The Louisiana First Circuit Court of Appeal recently held in Derbonne v. State Police Commission, No. 2019 CA 1455 (October 14, 2020), that an employee whose duties require that he or she report violations of state law is not precluded from pursuing a claim for unlawful reprisal under Louisiana’s anti-reprisal or whistleblower statute, La. R.S. 23:967.
In 2015, Louisiana passed a law authorizing the prescription of marijuana for the treatment of certain qualifying medical conditions, such as glaucoma, cancer, and spastic quadriplegia. In 2018, the statutory list of conditions was amended to include post-traumatic stress disorder, autism, and chronic pain. In the same amendment, the legislature designated the Louisiana Department of Agriculture and Forestry to oversee the production of medical marijuana. Since then, employers with operations and employees in Louisiana have been preparing for the new reality of managing marijuana in the workplace. These preparations are set to become even more challenging for Louisiana’s employers in light of new workplace realities and changes to the state’s medical marijuana law set to take effect in August 2020.
The Louisiana Second Circuit Court of Appeal recently held that a noncompetition provision under La. R.S 23:921 affecting a former member of an accounting limited liability company (LLC) could be reformed when the scope of the defined business and geographic limitation was overly broad.
On June 10, 2019, the Supreme Court of the United States unanimously ruled that state wage and hour laws do not apply to offshore drilling workers where federal law addresses the relevant issue. In Parker Drilling Management Services v. Newton, No. 18-389, the Supreme Court answered the question of whether California’s laws governing the minimum wage and payment for “standby time” applied to workers on oil rigs in federal waters off the coast of California.
The U.S. Court of Appeals for the Fifth Circuit recently held that a group of directional driller consultants were independent contractors, not employees, in large part due to their highly specialized skills, degree of control over their own projects, and ability to control their profits and analyzed losses.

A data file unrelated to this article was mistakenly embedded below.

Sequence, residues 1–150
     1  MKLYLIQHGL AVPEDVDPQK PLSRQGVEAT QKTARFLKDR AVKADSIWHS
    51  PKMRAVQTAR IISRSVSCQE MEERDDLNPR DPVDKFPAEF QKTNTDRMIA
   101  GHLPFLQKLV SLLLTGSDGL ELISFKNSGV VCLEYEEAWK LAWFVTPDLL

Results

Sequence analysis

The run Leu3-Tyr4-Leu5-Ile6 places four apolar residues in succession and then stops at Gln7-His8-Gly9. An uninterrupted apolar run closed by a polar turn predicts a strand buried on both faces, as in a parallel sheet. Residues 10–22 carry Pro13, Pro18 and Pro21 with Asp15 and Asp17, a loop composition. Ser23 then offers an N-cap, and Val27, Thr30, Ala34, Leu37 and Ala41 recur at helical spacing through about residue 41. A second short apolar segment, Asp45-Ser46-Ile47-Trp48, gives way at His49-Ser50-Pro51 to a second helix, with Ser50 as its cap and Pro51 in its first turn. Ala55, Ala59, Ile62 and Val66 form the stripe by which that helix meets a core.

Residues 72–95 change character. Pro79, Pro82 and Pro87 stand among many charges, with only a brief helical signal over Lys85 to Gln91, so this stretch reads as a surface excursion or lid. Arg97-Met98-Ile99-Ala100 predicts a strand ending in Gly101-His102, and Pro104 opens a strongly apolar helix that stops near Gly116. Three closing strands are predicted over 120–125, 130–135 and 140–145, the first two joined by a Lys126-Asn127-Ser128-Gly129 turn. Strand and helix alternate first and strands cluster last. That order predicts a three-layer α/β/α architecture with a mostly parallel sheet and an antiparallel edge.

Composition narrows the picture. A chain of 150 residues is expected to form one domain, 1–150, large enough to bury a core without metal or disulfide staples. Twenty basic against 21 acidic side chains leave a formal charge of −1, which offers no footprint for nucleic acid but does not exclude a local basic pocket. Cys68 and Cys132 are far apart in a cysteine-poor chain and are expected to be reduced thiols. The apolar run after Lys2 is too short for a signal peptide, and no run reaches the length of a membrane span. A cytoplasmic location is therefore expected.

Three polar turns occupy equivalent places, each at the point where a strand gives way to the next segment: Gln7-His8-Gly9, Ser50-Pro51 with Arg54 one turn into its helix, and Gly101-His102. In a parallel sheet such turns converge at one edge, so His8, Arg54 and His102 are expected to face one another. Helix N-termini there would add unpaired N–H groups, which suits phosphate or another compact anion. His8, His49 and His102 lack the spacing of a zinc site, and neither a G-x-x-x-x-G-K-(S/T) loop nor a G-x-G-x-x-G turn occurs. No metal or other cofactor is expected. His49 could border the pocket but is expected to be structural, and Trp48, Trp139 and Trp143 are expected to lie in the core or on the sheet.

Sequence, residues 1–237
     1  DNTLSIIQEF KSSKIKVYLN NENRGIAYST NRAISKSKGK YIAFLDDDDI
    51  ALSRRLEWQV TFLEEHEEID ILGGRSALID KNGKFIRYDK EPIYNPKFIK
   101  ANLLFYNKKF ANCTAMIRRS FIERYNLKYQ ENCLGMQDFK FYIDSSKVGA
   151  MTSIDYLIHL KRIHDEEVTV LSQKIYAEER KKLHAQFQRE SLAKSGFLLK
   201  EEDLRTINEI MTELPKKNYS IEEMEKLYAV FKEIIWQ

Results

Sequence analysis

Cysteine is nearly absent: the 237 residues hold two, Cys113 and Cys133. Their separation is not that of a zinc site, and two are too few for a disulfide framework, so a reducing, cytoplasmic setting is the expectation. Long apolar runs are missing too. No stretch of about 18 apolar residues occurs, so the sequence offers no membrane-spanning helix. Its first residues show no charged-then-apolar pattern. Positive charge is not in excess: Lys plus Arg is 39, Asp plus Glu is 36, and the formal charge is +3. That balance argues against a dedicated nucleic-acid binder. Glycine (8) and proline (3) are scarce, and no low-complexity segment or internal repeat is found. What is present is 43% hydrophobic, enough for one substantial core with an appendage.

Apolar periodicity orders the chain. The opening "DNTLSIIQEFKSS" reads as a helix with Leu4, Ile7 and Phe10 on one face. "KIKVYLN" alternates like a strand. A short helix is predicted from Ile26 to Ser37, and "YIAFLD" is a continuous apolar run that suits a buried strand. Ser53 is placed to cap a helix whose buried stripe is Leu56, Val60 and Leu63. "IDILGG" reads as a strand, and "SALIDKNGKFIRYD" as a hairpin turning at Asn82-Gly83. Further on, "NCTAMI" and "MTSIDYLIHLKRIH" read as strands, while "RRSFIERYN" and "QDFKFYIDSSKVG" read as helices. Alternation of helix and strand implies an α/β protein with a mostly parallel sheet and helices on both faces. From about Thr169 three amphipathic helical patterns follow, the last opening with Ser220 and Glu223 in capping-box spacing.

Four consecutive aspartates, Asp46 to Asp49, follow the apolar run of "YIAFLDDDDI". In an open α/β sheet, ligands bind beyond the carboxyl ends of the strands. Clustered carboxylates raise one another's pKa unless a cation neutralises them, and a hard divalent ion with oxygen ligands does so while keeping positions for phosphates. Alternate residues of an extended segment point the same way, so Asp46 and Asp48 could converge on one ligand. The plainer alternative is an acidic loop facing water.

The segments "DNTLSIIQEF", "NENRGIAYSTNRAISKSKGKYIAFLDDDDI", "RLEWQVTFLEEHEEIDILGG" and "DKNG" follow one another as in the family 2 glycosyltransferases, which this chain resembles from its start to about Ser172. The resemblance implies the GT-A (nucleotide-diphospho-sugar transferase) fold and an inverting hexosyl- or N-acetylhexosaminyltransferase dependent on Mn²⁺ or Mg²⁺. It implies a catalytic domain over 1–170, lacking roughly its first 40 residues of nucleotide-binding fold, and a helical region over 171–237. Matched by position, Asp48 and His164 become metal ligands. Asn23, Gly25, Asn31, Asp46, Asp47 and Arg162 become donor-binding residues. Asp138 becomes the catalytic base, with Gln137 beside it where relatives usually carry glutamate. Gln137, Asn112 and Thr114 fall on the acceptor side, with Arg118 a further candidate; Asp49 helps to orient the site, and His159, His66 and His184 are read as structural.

When Jay Baker, the vice president of Causin, L.L.C., quit to create a competing business, Causin sued to enforce Baker’s nonsolicitation/noncompetition agreement. Baker defended the claim in part by arguing the agreement’s use of a flexible addendum to list numerous parishes/counties did not satisfy the requirements of Louisiana’s noncompetition statute (La. R.S. 23:921), the inclusion of Causin’s “subsidiaries” and “affiliates” rendered the agreement overbroad, and the severability clause was ineffective.
The Fifth Circuit Court of Appeals recently held that a New Orleans charter school was not a “political subdivision” exempt from the National Labor Relations Act (NLRA).
Plaintiffs have attempted a number of creative avenues to avoid the procedural and substantive limitations set forth under the Louisiana Employment Discrimination Law (LEDL), which provides a statutory scheme to address employment discrimination.
Less than a year after the #MeToo movement began in earnest, it continues to impact boardrooms and statehouses. In May of 2018, Louisiana became the latest state to take action in support of the #MeToo movement, with its lawmakers unanimously approving a statewide anti-sexual harassment policy—though they limited the law to state agencies and their employees for the time being.
The Louisiana First Circuit Court of Appeal recently ruled that the statute of limitations under Louisiana’s anti-discrimination law is only tolled during the pendency of an administrative or investigative review, not to exceed 18 months.